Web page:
Last October Gui
Minhai, the publisher at Mighty Current was sitting at his beachside apartment
in Thailand. Then he was gone. In a matter of weeks, four more Chinese, Hong
Kong publishers also disappeared.
It’s believed they were captured by Chinese agents because their books were critical of the seniors members of the Chinese Communist Party.
In a surprise turn, one of the five publishers, Lam Wing-kee was released last week. He told reporters in Hong Kong how he was blindfolded, put on a train, interrogated and held in a small room for months.
But Mr. Lam was only released on the promise he would return to the Chinese mainland with a database of customers who had bought books from his store, Causeway Bay Books.
The facts surrounding the disappearance of Gui, a Swedish citizen, are still unknown.
Ric Wasserman brings us the latest chapter in the story from Stockholm. With additional reporting from Kannikar Petchkeaw in Thailand.
Angela Minhai gave witness to the United States congressional committee about her fears that her father was kidnapped from his home in Pattaya, Thailand, nine months ago.
“In the so called confession, my father’s apparent confession, he says he travelled to China voluntarily. If this is true we can wonder why there is no record of him having left Thailand. Only a state agency acting coercively could achieve such a disappearance,” says Angela Minhai.
Gui is a Swedish citizen.
“My father called me. I still haven’t been told where he is, how he is being treated, or what his legal status is, which is especially shocking in the light of the fact that my father holds Swedish, and only Swedish, citizenship,” said Angela Minhai.
His medicine and clothes remained behind. Gui called his daughter from China and told her to keep quiet about the case.
And then he turned up in China, on Chinese state TV, confessing to being involved in a hit-and-run accident 10 years ago.
His daughter is convinced the whole thing is staged.
The Swedish foreign department has made little progress – given the cold shoulder by Chinese authorities, says Anna Ekberg, Sweden’s Foreign Department press deputy.
“We continue to ask for clarification on this case and on the man’s condition… and we continue to ask to visit him,” Ekberg stated.
Febraury 24th was the last time Swedish authorities were permitted to visit Gui Minhai. Sweden is China’s biggest trading partner in Scandinavia.
Quiet diplomacy is what the Swedes call their approach.
“We have on several occasions met with Chinese authorities, Thai authorities and HK authorities on the matter. First of all we’d like a second meeting with our Swedish citizen,” Ekberg explained.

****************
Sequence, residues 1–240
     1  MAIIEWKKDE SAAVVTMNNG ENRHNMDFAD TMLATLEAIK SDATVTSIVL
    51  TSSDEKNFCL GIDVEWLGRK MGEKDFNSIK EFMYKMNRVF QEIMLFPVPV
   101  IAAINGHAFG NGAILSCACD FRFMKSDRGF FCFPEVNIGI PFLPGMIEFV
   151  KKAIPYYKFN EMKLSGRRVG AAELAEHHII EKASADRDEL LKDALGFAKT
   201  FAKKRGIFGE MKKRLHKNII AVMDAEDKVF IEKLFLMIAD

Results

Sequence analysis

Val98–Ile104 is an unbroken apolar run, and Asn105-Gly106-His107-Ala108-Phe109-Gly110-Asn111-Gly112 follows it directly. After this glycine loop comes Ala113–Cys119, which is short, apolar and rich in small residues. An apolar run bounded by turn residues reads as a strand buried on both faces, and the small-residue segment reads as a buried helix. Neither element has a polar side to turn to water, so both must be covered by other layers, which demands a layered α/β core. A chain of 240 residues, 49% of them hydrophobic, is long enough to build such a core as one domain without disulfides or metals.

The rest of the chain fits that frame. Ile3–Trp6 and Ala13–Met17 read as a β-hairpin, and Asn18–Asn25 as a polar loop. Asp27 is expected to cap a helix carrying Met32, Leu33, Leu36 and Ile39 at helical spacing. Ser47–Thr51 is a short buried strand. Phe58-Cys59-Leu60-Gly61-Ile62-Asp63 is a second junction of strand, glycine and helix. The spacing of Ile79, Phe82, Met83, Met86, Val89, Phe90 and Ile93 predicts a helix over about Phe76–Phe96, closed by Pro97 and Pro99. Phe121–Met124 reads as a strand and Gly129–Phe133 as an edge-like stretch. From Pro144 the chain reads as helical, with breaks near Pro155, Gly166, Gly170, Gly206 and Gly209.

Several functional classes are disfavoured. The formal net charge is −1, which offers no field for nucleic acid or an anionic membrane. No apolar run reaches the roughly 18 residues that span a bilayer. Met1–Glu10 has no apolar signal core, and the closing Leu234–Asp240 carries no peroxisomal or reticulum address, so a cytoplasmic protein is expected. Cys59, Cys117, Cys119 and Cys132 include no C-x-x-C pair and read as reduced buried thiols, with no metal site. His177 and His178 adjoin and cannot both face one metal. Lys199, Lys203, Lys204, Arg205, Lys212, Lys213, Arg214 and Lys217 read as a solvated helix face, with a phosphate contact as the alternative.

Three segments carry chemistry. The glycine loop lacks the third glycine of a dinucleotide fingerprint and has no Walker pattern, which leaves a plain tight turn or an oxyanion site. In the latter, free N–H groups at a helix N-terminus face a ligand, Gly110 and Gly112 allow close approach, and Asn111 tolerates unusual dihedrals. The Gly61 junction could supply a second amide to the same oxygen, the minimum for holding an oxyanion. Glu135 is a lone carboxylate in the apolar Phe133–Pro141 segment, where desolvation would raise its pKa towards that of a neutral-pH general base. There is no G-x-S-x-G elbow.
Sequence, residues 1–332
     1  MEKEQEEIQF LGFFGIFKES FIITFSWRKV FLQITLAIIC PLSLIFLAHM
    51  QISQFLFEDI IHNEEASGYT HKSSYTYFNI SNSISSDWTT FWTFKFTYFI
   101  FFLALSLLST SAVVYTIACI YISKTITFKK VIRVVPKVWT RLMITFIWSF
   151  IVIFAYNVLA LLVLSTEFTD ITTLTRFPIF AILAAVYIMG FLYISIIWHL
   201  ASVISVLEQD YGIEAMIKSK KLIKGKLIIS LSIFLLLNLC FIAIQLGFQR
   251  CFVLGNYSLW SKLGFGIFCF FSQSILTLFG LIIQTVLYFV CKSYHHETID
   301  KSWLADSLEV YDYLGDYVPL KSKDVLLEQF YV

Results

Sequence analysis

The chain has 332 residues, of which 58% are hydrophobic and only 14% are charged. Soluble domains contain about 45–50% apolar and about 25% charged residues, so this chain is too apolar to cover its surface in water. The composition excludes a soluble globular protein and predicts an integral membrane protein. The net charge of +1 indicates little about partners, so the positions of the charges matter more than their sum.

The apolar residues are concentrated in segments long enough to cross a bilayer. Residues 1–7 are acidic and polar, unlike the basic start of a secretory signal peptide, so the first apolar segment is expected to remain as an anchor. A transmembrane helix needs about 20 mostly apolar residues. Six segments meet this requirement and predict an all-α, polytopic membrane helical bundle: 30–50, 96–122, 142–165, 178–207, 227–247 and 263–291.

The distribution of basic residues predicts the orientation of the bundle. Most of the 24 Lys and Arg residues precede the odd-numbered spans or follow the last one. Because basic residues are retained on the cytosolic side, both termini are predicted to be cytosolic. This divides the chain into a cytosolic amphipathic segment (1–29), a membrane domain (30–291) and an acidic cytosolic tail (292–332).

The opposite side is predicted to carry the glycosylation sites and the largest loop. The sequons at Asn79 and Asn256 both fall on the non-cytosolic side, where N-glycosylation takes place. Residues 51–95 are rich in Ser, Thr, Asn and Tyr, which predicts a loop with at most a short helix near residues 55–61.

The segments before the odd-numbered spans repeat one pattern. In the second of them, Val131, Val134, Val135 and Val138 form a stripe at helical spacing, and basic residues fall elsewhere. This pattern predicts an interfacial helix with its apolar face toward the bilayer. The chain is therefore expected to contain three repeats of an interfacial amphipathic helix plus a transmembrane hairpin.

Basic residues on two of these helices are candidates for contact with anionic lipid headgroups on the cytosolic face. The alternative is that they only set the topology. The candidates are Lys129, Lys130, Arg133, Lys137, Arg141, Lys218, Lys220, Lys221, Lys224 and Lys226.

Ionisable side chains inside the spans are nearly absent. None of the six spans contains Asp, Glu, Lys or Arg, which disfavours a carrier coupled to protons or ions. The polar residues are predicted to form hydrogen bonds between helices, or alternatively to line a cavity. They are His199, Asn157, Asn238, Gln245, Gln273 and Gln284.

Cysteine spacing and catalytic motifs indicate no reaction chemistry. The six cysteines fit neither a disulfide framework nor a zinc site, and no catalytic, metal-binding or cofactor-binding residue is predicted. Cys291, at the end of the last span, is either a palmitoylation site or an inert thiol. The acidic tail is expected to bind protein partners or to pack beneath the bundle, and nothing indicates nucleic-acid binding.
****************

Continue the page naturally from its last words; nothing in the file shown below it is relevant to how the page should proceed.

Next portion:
The Swedish government is aware of the other Chinese publishers who’ve gone missing and say they are waiting for a report from the countries involved.
Causeway Bay Books, where Gui and the other missing booksellers worked is known for its racy stories on the Chinese political elite.
The company had recently printed 100,000 copies of a book on Chinese President Xi Jinping’s love life.
In Thailand, where Gui Minhai was apparently abducted by the Chinese, a military government is in place – making it almost impossible to get information, says long-time human rights defender, Pornpen Khongkachonkiet.
“In Thailand we don’t have the proper mechanism for making a complaint. That’s why we don’t hear very much when people are abducted,” Khongkachonkiet explains.
Amnesty International has been working to shed light on the Gui Minhai’s case since his disappearance. Before him, Li Bo disappeared, sparking protests in Hong Kong, says Amnesty spokesman in Hong Kong, William Nee.
Li holds a British passport.
“There have been several protests but the main one was after Li Bo went missing. And this was very shocking to people in Hong Kong,” Nee says.
This was also unprecedented.
“Essentially a HK citizen was taken away, it’s still not clear if by mainland authorities or authorities working with mainland authorities – taken away back to the mainland. This really shocked people,” Nee stated.
The apparent abductions clearly undermine Hong Kong’s legal independence.
There are some strange twists to the story. Like Gui Minhai, Li Bo has also said, though in a letter to his wife, that he willingly went to the mainland.
But he left his Hong Kong return permit behind, which suggests he was abducted, and is under duress.
First Gui Minhai, then Li Bo, then the disappearance of three others, all tied together with a common thread – freedom of speech.
Meanwhile, the Chinese government seems to have succeeded in its goal – to strangle the press.
I ask William Nee about Gui Minhai and Li Bo’s Causeway bookshop in Hong Kong.
“Well, it’s open but they’re not selling the books they were selling before. Most of the political books.”
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